Yesterday I asked the Minister of Health a very direct question. I asked her how she could proclaim the act without implementing the new regulations. The Minister of Health gave this response: “The advice I have is that the old regulations are legal and useable, along with the new act. For whatever reason, I chose to announce the implementation and proclamation of the act at what seemed to me to be an appropriate time, which was at a meeting with the physicians here in Whitehorse. There is certainly no problem with the patients.”

I do not know who heard the news this morning but we learned via CBC news the following: a doctor made the following...

Speaker: Order please. Will the Member please get to the question.

Mr. Lang: I want to ask the Minister why one of the local physicians made the public statement today that, in order to deal with a patient, the only alternative available to her was under the old act, and that was that all she could do was have that person arrested and transferred to a facility outside.

Why did she tell us yesterday that there was no problem with the patients?

Hon. Ms. Hayden: Certainly, the advice that I was given was that there was no problem with the old regulations as the act was proclaimed and if a patient was in need of committal at that time, there was a section of the Yukon Act that could be brought into play. As I had indicated previously, just one week prior I had been advised that, finally, the act, as it now stands, could be proclaimed. Previously, because of the court challenges in Ontario and other places, it appeared that I would have to bring this legislation back to the Legislature for amendment.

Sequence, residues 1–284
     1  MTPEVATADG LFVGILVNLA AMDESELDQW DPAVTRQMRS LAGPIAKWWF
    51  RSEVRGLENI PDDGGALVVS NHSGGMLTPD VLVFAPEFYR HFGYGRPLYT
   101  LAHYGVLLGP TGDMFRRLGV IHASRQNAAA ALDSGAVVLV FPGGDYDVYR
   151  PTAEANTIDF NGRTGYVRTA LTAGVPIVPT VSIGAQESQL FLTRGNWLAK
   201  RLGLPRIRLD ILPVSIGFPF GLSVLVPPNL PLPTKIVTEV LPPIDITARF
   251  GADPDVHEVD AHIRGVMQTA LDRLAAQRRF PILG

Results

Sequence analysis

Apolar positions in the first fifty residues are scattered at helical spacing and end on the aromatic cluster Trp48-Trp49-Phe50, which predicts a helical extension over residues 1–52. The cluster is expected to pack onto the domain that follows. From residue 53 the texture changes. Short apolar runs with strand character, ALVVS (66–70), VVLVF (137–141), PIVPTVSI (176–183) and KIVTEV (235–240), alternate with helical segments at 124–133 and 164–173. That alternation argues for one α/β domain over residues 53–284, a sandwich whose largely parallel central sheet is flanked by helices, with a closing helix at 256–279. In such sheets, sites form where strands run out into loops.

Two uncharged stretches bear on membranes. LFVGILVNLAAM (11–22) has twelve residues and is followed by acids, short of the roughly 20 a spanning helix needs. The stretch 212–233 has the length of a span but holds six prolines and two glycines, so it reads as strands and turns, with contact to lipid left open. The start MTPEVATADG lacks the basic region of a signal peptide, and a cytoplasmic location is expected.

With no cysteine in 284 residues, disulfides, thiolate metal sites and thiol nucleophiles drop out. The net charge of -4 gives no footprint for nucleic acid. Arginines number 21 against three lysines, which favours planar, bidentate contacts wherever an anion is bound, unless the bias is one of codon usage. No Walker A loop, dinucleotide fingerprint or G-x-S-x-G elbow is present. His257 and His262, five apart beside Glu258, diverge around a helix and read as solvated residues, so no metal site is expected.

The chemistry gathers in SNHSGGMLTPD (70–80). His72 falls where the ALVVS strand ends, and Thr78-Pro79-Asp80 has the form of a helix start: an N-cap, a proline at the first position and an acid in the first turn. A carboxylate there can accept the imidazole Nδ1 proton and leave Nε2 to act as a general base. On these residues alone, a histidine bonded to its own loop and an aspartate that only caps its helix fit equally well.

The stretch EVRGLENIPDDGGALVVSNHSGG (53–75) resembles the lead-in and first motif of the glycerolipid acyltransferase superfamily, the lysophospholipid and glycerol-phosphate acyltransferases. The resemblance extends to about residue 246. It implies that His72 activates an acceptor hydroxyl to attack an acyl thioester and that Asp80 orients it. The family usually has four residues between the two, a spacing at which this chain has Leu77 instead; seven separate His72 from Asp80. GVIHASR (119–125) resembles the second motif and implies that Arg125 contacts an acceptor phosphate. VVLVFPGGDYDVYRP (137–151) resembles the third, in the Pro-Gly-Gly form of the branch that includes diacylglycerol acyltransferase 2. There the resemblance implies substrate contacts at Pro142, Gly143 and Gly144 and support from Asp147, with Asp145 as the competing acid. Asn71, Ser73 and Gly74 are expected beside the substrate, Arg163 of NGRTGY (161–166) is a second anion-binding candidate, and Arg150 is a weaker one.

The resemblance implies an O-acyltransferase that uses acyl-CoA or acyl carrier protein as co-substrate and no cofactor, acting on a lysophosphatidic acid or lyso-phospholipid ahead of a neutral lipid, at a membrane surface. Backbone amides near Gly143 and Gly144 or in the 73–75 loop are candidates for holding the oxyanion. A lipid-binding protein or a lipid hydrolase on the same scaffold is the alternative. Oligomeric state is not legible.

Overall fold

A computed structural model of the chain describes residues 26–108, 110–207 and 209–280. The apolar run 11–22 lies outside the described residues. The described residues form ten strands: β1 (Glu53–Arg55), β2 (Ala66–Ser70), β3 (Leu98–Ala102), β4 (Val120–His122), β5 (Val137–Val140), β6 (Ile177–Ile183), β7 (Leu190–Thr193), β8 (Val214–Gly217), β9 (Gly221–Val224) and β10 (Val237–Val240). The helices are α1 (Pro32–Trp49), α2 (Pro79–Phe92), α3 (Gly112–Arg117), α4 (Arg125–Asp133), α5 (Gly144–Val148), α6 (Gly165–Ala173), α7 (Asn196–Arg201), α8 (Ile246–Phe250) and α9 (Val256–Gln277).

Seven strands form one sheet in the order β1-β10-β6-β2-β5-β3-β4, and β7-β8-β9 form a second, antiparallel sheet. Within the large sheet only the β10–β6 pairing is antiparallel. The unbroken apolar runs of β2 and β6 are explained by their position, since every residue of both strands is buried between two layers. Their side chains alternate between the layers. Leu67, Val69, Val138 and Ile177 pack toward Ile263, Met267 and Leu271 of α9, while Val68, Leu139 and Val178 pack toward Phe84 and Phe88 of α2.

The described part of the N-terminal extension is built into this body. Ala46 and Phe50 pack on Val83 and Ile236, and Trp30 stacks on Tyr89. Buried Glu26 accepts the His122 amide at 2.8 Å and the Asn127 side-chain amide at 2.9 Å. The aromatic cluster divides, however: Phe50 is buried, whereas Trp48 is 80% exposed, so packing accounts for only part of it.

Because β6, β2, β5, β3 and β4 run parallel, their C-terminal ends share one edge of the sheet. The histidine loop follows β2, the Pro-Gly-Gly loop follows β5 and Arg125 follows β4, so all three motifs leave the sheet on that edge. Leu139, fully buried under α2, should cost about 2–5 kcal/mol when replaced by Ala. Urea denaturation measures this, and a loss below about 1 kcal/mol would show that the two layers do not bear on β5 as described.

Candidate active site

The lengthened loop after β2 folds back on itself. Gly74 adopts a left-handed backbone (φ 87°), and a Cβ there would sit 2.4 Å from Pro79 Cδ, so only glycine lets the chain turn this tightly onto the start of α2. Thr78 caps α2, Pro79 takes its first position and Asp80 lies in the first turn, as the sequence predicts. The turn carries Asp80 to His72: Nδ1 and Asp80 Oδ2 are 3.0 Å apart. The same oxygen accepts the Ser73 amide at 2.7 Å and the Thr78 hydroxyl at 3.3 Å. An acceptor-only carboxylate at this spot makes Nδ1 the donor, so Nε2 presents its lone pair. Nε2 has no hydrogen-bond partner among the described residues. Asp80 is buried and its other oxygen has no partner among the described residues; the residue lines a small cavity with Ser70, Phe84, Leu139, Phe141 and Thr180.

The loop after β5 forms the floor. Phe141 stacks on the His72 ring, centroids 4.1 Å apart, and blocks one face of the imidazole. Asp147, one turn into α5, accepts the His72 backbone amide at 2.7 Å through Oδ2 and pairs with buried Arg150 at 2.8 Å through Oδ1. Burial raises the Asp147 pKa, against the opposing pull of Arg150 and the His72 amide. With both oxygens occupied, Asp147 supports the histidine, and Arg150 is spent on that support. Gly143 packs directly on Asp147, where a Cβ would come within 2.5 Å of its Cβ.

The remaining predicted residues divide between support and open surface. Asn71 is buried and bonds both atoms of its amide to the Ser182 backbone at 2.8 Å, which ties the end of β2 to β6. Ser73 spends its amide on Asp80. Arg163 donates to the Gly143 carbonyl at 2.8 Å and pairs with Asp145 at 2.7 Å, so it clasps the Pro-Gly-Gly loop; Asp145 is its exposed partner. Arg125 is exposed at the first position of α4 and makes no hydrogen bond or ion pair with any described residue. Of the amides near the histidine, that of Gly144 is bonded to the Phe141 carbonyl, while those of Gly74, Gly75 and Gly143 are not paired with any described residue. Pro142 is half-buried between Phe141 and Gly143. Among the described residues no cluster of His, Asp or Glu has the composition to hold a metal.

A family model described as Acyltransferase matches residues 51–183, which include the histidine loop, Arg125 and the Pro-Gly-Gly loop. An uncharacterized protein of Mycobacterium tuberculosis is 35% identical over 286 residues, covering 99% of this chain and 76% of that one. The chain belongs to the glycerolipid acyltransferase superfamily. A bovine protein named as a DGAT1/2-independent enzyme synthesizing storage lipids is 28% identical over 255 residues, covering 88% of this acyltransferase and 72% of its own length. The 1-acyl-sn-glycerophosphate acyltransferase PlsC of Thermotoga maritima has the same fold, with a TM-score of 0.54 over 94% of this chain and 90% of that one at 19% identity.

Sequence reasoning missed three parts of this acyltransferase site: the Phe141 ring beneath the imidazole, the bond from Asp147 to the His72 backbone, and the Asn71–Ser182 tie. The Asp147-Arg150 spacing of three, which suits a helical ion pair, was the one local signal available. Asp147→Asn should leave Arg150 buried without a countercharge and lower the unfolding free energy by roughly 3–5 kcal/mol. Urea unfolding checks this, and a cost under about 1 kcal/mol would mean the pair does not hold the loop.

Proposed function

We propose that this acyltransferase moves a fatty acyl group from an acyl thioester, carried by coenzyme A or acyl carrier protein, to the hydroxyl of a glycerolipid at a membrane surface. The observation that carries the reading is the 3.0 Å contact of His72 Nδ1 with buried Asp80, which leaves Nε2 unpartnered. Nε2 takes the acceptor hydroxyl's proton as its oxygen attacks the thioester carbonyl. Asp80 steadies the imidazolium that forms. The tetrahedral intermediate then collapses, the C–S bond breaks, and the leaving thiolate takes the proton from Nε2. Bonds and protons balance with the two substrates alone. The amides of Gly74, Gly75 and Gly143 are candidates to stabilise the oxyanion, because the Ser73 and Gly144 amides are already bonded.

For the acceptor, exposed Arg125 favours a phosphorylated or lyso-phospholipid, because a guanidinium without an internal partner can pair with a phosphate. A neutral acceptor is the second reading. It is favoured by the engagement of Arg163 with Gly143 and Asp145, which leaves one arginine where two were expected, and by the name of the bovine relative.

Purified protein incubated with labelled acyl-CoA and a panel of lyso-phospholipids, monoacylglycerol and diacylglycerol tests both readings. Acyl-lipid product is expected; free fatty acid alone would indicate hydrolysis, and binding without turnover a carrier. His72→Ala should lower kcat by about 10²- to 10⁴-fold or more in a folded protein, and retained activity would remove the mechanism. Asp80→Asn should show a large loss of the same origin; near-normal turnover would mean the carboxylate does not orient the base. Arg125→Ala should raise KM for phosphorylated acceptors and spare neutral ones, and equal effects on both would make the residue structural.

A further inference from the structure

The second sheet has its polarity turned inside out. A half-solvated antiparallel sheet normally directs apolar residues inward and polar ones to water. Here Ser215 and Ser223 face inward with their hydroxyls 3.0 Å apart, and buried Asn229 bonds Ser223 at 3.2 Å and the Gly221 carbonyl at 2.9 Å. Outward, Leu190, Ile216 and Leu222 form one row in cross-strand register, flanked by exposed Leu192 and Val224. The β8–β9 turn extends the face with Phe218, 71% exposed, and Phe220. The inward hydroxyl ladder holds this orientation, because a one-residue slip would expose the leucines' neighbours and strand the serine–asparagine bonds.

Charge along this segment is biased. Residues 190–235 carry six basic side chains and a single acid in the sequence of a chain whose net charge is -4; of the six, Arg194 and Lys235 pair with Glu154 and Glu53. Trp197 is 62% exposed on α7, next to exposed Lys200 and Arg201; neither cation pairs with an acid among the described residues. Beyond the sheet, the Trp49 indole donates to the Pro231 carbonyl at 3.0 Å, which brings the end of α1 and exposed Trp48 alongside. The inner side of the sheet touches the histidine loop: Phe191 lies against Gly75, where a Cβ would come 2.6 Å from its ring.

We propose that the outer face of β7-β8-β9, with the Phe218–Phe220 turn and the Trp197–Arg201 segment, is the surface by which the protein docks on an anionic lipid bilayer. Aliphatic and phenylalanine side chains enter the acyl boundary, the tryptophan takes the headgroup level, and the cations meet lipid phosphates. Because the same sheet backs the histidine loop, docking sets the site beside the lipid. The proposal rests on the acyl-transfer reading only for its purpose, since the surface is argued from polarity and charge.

As the Member himself has said, it seemed very important to have this new legislation in place for the people of the Yukon, so that we were not using what was an old, out-of-date act.

As I said, the advice that I was given just a week ago, was that I could go ahead and proclaim the act. I did that.

At the present time, no Yukon person is in jeopardy. They knew there were simply a couple of things that had to be done with the new regulations; I knew that, and the regulations have been proclaimed. That particular doctor has long since...

Speaker: Order please, would the Minister please conclude her answer.

Hon. Ms. Hayden: Yes, Mr. Speaker. ...been informed and there is no patient in jeopardy.

Mr. Lang: I am very concerned about the information that is being provided to this House. We were assured by the previous government Minister of Health, the Government Leader, that that bill was going to be put into effect maybe a couple of months after its passage. Yesterday, the Minister said that there were no problems with patients.